With the atrocities of the Holocaust brought firmly back to the forefront of our attention this week, it’s important for us to remember the millions of victims who suffered at the hands of evil during one of the most horrific parts of World War 2.
Our Holocaust Remembered tour follows the moving story of Anne Frank as well as the story of Oskar Schindler. Our specialist guide, Charlotte Czyzyk, who also works at the IWM North, specialises in the Holocaust, and here talks us through some of the most moving and thought provoking aspects of this emotional tour.
This tour covers the history of the Holocaust in which 6 million Jewish men, women and children were murdered, as well as countless others because of their race, religion, sexuality, nationality, or disability. We follow the footsteps of those whose lives were affected by persecution, and include testimony from individuals such as Anne Frank to bring our excursions to life. We visit beautiful, vibrant cities where Jewish culture thrived before the war, including Berlin, Krakow and Prague, which reminds us of everything that was lost in the Holocaust.
We see the traces of Nazi architecture in the German capital of Berlin, and visit the villa outside the city where senior Nazis held the Wannsee Conference in January 1942. This secret meeting sealed the fate of European Jews, and it is always striking to think that such a beautiful lakeside location could provide the setting for such cold and calculated decision to murder millions of people. We also visit one of the earliest concentration camps at Sachsenhausen, where barracks have been preserved to gain a sense of the prisoners’ daily life.
Moving onto Poland we walk through the sites of the former Krakow ghetto and Plaszow concentration camp, which during the war were plagued by overcrowding, violence, hunger and squalor. Later in the tour we also visit the so-called ‘model ghetto’ at Theresienstadt near Prague, which deceived the Red Cross inspectors into thinking that conditions were acceptable for the people held there.
For many passengers, visiting the former concentration and death camp at Auschwitz is a particularly emotional experience. Seeing the huge displays of confiscated belongings – shoes, spectacles, even women’s hair – is overwhelming, and it helps us to begin to come to terms with the human tragedy that unfolded there.The remains of the vast death camp at Auschwitz-Birkenau, including the railway lines, prisoner barracks and gas chambers, show how the Nazi machine was geared to destroying people using industrial methods.
And yet amongst the suffering and loss, there are tales of hope and courage. We look at stories of inspirational individuals such as Oskar Schindler, and visit the museum at his former factory in Krakow where he employed and saved 1,200 Jews. We also move to the Czech Republic to see the church in Prague where the brave assassins of SS leader Reinhard Heydrich met their fate, a building which still bears scars from the fighting that took place there over 70 years ago.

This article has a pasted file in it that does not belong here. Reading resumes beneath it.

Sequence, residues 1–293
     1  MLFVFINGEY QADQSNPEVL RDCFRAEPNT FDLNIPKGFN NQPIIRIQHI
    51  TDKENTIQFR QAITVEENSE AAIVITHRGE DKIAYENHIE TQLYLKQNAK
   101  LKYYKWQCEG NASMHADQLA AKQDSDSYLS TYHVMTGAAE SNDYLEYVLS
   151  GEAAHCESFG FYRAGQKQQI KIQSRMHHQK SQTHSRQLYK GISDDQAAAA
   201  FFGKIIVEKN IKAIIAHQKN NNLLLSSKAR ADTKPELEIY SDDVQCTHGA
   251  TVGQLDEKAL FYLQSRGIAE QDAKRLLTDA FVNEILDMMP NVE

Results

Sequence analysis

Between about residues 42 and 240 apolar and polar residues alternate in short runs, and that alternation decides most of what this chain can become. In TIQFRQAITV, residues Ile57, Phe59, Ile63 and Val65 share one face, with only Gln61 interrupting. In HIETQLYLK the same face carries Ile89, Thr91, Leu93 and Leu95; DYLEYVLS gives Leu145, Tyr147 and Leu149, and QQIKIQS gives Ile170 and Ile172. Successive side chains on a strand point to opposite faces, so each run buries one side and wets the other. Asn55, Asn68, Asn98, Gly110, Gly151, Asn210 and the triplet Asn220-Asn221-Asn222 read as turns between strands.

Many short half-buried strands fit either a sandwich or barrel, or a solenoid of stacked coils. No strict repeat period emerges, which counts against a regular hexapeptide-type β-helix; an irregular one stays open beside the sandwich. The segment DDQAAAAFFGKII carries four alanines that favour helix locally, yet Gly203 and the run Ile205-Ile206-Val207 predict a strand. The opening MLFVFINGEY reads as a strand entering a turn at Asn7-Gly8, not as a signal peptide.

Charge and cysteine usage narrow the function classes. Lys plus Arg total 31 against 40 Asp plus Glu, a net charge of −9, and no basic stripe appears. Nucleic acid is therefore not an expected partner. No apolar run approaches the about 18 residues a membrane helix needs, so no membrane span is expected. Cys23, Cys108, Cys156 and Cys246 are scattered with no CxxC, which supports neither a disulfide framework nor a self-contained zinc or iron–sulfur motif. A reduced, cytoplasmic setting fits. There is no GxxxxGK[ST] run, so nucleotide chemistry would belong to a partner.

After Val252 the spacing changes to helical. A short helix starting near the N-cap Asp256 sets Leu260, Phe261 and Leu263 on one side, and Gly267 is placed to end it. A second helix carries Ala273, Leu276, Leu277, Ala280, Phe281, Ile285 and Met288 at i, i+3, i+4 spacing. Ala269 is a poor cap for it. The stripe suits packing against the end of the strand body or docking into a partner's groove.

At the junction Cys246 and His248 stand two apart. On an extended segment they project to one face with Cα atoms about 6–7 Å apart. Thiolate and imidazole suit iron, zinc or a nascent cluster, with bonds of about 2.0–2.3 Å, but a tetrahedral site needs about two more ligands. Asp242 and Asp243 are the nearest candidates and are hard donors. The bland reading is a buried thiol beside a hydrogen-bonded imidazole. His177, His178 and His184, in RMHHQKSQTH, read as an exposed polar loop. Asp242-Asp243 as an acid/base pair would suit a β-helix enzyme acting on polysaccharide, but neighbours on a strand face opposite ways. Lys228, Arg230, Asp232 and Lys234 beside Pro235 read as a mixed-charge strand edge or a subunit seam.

The end of the war created new challenges for survivors. We visit the former concentration camp at Bergen Belsen, which was liberated by the British Army in April 1945. At this emotive site we think about the difficulties that soldiers faced in providing the food, clothing, and medical assistance required to save as many people as possible, as well as the psychological support needed to help survivors to make sense of all they had come through and all they had lost. Some people poured their efforts into seeking justice from the perpetrators, and we end the tour by visiting the Nuremberg courtroom where the trials of leading Nazis such as Herman Goering took place.
This tour follows journeys of many kinds:journeys of death in trains, in ghettos and in camps; journeys of escape, hiding and survival; and journeys made after liberation to a new life. I hope that you will join this special trip to unforgettable sites, which create evocative memories for all those who travel with us. Click here to view WW2 Battlefield Tours.
The abandonment of Soviet prisoners by Stalin and the subsequent re-establishment of the camp as a special Gulag.
The first Soviet prisoners arrived at Sachsenhausen in August 1941. By the end of the year, more than 11,000 of these living skeletons were being held in the camp in appalling conditions. Impossible work conditions, meagre rations and mass executions steadily reduced their numbers.
The most common method of execution was by shooting in the so-called ‘neck shot facility’ located close to the camp crematoria. Here, an estimated 10,000 Soviet prisoners were executed over a ten week period during late 1941. Total estimates of Soviet prisoners murdered in the camp between 1941-45 vary between 11,000 – 18,000.
None of this mattered to Stalin, whose attitude towards captured troops was underlined in his statement that, ‘There are no Soviet prisoners of war. The Soviet soldier fights on until death. If he chooses to become a prisoner, he is automatically excluded from the Russian community’. This attitude even extended to his own son, Lieutenant Yakov Dzhugshvili, following his capture during the Battle of Smolensk on 16 July 1941. Soon after, Stalin ensured that the wife of this ‘Traitor to the Motherland’ was not spared the state’s wrath. Yakov’s wife Julia was subsequently arrested, separated from her three year old daughter and imprisoned in the Gulag for two years.